MUST also be a border for the local scope zone, as defined in [1].




M. Handley                                                    [Page 2]


Internet Draft                    MZAP                 December 15, 1997


   Routers SHOULD be configured so as the router itself is within the
   scope zone. This is should in figure 1A, where router 1 is inside the
   scope zone and has the border configuration. It is possible for the
   first router outside the scope zone to be configured with the border,
   as illustrated in figure 1B where routers 2 and 3 are outside the
   zone and have the border configuration, but this is NOT RECOMMENDED.

         ............                     ................
        .            .   +O+-->          .                *O+-->
       .              . /  2            .                /. 2
      .              1 *               .              1 +  .
      .          <---+O*---+O+->       .          <---+O+---*O+->
      .              + .     3         .              +     . 3
      .             /  .               .             /      .
       . zone X  <--  .                 . zone X  <--      .
        ..............                   ..................

       O - router       * - border interface      + - interface

     A. Correct zone border           B. Incorrect zone border



   Figure 1: Correct admin scope zone border placement


   This rule does not apply for local scope borders, but applies for all
   other admin scope border routers.

   When a ZBR router is configured correctly, it can deduce which side
   of the boundary is inside the scope zone and which side is outside
   it. It can also send messages into the scope zone, which it SHOULD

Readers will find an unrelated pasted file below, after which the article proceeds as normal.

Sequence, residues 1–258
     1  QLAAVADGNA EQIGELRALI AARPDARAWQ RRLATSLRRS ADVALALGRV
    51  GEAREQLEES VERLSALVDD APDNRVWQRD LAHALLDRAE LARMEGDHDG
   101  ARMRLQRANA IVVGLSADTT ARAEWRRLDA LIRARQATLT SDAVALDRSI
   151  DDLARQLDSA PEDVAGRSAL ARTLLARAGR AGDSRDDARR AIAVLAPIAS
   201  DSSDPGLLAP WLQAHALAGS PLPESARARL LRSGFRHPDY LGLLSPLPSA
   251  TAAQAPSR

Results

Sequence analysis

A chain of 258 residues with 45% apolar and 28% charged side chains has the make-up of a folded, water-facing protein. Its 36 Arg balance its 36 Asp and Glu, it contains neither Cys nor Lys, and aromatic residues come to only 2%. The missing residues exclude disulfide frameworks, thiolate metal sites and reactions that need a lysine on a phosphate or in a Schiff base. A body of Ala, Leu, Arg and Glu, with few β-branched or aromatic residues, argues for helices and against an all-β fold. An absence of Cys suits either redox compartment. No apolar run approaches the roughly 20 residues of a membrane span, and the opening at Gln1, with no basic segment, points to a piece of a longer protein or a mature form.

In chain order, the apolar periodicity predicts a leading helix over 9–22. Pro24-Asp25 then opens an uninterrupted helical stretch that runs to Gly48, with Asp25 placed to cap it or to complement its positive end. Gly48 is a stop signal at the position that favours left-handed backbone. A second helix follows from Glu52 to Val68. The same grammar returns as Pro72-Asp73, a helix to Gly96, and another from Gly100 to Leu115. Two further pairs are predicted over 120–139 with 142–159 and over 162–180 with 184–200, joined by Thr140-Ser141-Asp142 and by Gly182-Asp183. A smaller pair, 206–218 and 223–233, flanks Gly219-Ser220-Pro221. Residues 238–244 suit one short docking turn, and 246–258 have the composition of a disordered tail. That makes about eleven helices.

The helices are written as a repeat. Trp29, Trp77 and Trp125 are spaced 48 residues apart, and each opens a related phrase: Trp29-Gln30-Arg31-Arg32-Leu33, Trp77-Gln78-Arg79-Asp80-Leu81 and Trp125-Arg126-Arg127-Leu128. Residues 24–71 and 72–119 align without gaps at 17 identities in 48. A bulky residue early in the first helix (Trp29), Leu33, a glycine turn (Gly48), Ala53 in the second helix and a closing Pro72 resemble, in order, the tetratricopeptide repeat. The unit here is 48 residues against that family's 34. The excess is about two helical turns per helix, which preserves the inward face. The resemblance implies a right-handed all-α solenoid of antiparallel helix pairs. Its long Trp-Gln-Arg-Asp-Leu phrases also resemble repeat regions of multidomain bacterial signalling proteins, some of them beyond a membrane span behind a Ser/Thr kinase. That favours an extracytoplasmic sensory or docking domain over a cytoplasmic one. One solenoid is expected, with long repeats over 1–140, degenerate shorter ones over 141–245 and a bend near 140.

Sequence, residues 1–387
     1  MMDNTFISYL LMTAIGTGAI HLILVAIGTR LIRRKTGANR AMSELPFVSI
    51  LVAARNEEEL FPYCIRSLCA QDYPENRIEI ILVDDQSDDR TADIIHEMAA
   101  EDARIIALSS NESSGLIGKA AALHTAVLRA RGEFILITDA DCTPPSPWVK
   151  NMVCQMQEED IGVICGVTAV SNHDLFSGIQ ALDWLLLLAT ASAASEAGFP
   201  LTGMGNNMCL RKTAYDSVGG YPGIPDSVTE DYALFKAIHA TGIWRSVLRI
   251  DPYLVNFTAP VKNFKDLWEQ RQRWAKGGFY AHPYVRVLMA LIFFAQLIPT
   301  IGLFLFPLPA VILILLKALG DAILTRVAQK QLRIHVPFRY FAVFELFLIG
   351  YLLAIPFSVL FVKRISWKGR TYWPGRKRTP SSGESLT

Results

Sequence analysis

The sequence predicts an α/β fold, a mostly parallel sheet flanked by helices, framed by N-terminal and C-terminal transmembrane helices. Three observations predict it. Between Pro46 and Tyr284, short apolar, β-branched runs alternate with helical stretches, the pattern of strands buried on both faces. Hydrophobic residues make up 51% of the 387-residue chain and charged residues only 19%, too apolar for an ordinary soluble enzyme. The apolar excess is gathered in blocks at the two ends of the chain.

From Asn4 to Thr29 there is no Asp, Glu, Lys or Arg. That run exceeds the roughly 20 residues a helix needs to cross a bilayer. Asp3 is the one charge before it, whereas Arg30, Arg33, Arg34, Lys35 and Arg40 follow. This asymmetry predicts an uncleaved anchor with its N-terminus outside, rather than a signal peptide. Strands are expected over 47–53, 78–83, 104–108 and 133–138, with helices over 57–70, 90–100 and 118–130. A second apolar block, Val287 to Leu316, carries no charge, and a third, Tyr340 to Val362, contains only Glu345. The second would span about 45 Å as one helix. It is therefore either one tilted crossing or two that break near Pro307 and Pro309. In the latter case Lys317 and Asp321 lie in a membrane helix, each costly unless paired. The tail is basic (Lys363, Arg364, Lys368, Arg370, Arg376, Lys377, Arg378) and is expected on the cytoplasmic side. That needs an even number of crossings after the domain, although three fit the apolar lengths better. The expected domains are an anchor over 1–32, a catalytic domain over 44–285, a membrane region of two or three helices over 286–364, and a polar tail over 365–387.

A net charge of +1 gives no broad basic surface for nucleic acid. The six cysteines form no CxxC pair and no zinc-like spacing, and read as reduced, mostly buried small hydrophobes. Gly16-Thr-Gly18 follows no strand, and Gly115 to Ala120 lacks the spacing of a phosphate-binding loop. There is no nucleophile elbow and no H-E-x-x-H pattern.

NOT be able to do if the router itself is considered outside the
   scope zone.

   Such a ZBR router should then send periodic Zone Announcement
   Messages (ZAMs) for the zone for which it is configured as a border
   from each of its interfaces that go into that scope zone. These
   messages are multicast to the address 239.255.255.254, which is a
   locally scoped address.

   Each ZBR router should also listen for ZAM messages from other ZBRs
   for the same border. The ZBR router with the lowest interface IP
   address within the zone from those ZBRs forming the zone border
   becomes the zone-id router for the zone. The combination of this IP
   address and the base address of the scoping range server to uniquely
   identify the scope zone.




M. Handley                                                    [Page 3]


Internet Draft                    MZAP                 December 15, 1997


   Every local scope ZBR that receives any ZAM for a scope zone other
   than local scope SHOULD then forward the ZAM out of all the other
   interfaces that are in different local scope zones except ones that
   form a border for the zone described in the ZAM. It adds the zone-id
   of the local scope zone that the message came from to the ZAM path
   list before doing so. A local scope ZBR receiving a ZAM with a non-
   null path list MUST NOT forward that ZAM back into a local scope zone
   that is contained in the path list. This process is illustrated in
   figure 2.

   in

   Figure 2: ZAM Message Flooding



   The packet also contains a Zones Traveled Limit. If the number of
   Local Zone IDs in the ZAM path becomes equal to the Zones Traveled
   Limit, the packet should be dropped. Zones Traveled Limit is set when
   the packet is first sent, and defaults to 32, but can be set to a
   lower value if a network administrator knows the expected size of the
   zone.

   Addition messages called Zone Convexity Messages (ZCM) SHOULD also be
   sent to the second highest address in the scope zone range itself
   (For example, if the scope zone border is for 239.1.0.0 to
   239.1.0.255, then these messages should be sent to 239.1.0.254.) As
   these are not locally scoped packets, they are simply multicast
   across the scope zone itself, and require no path to be built up, or
   forwarding by local scope zone ZBRs. These messages are used to
   detect non-convex admin scope zones, as illustrated in figure 3. Here
   Router B and Router C originates ZCM messages, each reporting each
   other's presence. Router D cannot see Router B's messages, but sees
   Router C's report of Router B, and so concludes the zone is not
   convex.

   in

   Figure 3: ZAM Message Flooding



3.1 Packet Formats


   Zone Announcement Message (IPv4)

   The format of a Zone Announcement Message is shown in figure 4.